In the specific field of public health, the NHS is responsible for delivering, through CCG and GPs, the majority of immunisations for children and adults.6

As regards screening programmes, every person regularly registered with a GP is automatically contacted at the stated age to enter appropriate programmes, based on lists derived from the local register of individuals who are registered with the NHS. The registers are known as the Exeter system.7

Specific screening offices are responsible for the invitation letters and screenings are performed both in the community health setting and in hospitals.

Currently, numerous efforts have been made in the field of primary prevention, where the NHS has launched a triple prevention strategy involving patients, staff and the public.8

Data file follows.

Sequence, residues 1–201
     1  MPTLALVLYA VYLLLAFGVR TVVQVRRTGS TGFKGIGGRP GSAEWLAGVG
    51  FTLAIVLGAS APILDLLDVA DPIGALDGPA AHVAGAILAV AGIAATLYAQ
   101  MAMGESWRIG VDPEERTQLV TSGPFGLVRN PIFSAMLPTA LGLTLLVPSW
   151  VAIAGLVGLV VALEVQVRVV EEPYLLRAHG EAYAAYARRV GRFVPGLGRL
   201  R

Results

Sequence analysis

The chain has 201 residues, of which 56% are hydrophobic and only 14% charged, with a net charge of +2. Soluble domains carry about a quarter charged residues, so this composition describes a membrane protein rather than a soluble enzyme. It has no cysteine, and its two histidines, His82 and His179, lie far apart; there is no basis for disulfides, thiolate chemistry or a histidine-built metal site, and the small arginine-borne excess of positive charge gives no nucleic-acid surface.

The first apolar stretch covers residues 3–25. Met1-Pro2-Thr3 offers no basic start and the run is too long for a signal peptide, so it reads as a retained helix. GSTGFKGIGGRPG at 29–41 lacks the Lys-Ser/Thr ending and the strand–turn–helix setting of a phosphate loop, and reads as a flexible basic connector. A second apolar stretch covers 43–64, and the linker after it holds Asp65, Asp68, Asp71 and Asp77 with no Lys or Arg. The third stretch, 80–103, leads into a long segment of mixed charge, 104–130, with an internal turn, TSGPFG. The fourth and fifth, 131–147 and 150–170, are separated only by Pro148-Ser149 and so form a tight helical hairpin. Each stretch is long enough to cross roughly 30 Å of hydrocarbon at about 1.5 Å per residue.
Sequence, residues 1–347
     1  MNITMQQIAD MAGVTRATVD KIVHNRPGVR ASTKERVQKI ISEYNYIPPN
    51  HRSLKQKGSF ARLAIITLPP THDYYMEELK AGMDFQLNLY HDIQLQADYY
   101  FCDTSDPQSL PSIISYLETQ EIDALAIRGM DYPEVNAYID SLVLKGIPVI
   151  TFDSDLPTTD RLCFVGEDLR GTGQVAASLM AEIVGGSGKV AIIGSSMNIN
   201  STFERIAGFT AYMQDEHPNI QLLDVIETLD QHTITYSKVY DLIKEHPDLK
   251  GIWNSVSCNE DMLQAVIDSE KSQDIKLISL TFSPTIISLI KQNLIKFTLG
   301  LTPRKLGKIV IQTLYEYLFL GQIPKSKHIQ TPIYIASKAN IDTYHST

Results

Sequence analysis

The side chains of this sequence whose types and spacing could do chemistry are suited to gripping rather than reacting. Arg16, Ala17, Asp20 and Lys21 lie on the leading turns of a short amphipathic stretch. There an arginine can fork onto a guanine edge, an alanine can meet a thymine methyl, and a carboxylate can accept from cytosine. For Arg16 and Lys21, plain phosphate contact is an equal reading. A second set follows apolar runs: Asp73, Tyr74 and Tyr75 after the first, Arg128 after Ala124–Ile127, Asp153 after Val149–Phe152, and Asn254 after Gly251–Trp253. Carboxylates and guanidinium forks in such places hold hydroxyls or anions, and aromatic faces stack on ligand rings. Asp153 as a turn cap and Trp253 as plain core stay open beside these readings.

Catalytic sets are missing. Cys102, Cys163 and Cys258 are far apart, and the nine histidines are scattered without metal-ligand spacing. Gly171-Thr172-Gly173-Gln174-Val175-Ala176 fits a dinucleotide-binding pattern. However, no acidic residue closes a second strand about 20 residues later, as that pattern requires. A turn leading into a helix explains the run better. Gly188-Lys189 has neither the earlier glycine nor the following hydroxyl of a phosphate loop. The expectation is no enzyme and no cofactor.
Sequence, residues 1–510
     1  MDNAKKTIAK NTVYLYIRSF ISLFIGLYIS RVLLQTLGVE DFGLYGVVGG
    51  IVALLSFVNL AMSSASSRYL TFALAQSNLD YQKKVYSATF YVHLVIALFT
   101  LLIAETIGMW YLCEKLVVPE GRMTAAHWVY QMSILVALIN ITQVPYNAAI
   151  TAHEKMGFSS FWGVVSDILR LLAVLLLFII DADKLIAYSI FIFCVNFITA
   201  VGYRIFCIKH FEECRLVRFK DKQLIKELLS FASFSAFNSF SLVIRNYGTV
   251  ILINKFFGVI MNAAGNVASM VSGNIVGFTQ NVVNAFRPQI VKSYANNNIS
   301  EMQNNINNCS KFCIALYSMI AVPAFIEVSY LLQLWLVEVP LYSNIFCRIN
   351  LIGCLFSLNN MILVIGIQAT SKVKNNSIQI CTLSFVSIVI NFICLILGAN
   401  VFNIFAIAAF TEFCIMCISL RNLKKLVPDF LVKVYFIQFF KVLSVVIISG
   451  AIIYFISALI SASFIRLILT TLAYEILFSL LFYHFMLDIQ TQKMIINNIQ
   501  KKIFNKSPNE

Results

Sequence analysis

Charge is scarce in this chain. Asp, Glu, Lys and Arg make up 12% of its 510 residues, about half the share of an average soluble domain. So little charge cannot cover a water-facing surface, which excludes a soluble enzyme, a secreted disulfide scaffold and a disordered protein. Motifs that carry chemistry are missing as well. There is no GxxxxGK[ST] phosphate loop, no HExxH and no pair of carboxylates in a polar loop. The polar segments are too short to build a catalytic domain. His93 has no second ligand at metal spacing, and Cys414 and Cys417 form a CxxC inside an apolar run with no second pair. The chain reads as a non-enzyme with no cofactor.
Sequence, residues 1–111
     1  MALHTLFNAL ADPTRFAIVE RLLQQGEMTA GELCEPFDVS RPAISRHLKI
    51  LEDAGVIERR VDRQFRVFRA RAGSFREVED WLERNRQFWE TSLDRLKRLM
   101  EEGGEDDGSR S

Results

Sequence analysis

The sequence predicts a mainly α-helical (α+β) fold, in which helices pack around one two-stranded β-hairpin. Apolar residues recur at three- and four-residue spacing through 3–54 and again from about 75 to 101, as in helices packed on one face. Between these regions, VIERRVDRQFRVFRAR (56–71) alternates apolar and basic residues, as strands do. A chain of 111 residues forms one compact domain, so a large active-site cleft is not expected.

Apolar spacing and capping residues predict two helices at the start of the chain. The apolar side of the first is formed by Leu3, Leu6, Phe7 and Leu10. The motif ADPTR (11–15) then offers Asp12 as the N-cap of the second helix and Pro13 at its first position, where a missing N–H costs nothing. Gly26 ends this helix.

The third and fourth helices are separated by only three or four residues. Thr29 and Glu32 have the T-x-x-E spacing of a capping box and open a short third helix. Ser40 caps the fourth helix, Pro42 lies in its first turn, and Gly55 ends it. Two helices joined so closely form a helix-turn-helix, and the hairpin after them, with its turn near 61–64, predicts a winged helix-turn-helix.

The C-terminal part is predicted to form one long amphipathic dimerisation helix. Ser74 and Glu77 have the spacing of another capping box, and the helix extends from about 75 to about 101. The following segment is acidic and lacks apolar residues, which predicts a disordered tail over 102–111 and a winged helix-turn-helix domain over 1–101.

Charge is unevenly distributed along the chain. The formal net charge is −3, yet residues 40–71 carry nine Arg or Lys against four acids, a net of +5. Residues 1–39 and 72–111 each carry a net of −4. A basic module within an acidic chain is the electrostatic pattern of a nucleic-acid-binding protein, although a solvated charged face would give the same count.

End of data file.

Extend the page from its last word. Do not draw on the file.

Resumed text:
Financing of Prevention Services

In the United Kingdom, the primary source of funding for health is public (79.4%). Private medical insurance and out-of-pocket payments, as co-payments or direct payments, cover the rest of the funding for health care. In 2016, out-of-pocket payments represented 15.1% of total health expenditure while voluntary health insurance accounted for 3.3%.9

Her Majesty’s Revenue and Customs (HMRC) collects most of the tax revenue, for example income tax, value-added tax (VAT), corporation tax, excise duties (on fuel, alcohol and tobacco) and National Insurance Contributions from the earnings of all employers, employees and self-employed people in the United Kingdom. After collection, the funds are pooled at national level. Taxes are not earmarked for a specific aim so National Insurance Contributions are not the only source of funding for the NHS, but about 10% of National Insurance Contributions are put towards NHS funding.1,10